Highlighted findings from a larger study of how the governance structure of the U.S. workforce development system can facilitate partnerships, foster collaboration, and help job seekers find jobs and employers find qualified workers.
“…[T]he recent recession and the political climate of fiscal austerity have left the public workforce system with less money to serve more participants. Faced with the challenge of doing more with less, policymakers and program administrators are increasingly seeing the benefit of leveraging resources through collaboration among employment-related organizations within local labor markets. The decentralized structure of the public workforce system provides the flexibility for local workforce investment boards (LWIBs) to form partnerships and to be catalysts for collaboration within their local communities” (p. 1). (Abstractor: Author)

Major Findings & Recommendations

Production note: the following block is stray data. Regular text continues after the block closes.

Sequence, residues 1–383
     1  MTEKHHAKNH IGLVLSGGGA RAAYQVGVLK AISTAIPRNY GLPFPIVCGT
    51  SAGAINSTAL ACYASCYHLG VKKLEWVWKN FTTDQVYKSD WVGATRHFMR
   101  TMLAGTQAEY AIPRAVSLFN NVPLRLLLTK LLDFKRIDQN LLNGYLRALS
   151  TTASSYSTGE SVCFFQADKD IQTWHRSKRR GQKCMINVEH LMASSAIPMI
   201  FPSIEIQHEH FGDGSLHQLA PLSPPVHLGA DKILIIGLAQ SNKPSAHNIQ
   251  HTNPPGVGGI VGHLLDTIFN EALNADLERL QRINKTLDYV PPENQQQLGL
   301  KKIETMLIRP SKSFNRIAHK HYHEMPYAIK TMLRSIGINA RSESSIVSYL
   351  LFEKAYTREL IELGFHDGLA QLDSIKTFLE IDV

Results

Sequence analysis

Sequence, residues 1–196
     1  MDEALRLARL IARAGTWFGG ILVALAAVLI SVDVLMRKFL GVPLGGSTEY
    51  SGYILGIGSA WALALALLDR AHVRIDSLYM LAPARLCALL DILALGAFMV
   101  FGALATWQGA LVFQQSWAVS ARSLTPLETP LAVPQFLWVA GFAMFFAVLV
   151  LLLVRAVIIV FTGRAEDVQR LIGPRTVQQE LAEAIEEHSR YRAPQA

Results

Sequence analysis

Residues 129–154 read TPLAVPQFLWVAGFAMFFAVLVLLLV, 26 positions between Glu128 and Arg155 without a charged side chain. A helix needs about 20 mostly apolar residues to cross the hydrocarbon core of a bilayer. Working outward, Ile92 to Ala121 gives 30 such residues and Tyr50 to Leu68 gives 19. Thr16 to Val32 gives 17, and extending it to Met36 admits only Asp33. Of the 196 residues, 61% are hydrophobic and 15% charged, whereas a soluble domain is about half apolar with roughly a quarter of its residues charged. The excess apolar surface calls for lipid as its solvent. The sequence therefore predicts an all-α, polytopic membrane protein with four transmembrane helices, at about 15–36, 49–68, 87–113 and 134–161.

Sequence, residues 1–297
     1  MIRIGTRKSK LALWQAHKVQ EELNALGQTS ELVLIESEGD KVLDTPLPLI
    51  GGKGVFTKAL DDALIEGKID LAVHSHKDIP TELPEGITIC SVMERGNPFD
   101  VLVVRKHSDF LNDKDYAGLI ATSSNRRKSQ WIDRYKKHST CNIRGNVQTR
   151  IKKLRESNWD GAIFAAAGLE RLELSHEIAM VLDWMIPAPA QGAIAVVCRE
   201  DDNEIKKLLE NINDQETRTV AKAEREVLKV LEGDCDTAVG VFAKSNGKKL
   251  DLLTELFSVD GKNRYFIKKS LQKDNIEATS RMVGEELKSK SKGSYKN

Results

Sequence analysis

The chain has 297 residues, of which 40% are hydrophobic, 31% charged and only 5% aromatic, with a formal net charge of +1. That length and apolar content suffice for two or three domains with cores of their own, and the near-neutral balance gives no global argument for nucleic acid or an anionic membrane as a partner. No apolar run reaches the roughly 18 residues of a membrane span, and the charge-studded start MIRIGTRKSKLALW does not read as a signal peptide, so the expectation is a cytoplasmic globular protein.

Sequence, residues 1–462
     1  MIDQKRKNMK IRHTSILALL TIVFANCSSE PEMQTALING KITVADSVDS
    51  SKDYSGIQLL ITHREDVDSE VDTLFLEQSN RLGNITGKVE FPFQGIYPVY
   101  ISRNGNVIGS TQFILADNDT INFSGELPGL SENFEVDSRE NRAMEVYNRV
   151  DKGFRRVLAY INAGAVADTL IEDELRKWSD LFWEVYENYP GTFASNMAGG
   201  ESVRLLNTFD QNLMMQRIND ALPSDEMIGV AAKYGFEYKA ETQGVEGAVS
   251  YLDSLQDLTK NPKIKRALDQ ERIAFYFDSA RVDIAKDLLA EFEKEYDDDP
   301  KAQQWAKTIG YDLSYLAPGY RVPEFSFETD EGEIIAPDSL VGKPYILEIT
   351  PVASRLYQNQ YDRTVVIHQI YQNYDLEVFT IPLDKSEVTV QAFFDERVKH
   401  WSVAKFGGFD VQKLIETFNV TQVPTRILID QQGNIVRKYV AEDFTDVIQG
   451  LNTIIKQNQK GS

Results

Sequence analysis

“…[T]he OECD has deemed the United States’ decentralized approach to public workforce development as an international best practice among OECD countries in offering the flexibility to meet the specific needs of local job seekers and employers (Giguere and Froy 2009). The U.S. study described here underscores this conclusion…. Many LWIBs are increasingly entrepreneurial, collaborating with many different agencies, including community colleges, economic development networks, not-for-profit organizations, and small business advisors. Although not all LWIBs use their flexibility in the same way or with the same effectiveness, the four LWIBs offer useful lessons in how the current workforce system can align resources and integrate services to enhance local job creation” (p. 2). "The four LWIBs in the study demonstrated strong leadership in forging partnerships with key stakeholders in their communities...For example, organizations in the Sacramento area relied on informal relationships to form and sustain their partnerships. Benefiting from years of personal relationships and trust, leaders from key organizations could respond quickly when needs or opportunities arose. Particularly noteworthy is that the four WIBs within the greater Sacramento area came together to develop integrated plans for the broader region" (p. 2). A higher level of formality in forging partnerships is illustrated by one of the LWIBs studied in Michigan. It is a member of a formal network that encompasses the Detroit metropolitan area and includes six LWIBs and the Detroit Chamber of Commerce. The purpose of the network is to bring LWIBs and their business, economic, and educational partners together to secure resources and collaborate on projects to successfully address critical workforce issues as a region. Memoranda of understanding among the network members establish joint processes that enable the LWIBs to support regional initiatives and to enter into financial contracts" (p. 2). Additionally, "state-level policy and practice encourages and supports the pursuit of coordination and collaboration. The California state workforce development plan asserts that workforce, education, and economic development entities must develop stronger partnerships and more effective communication with business and industry in order to prepare available and future workers with required skill sets" (p.3). (Abstractor: Author)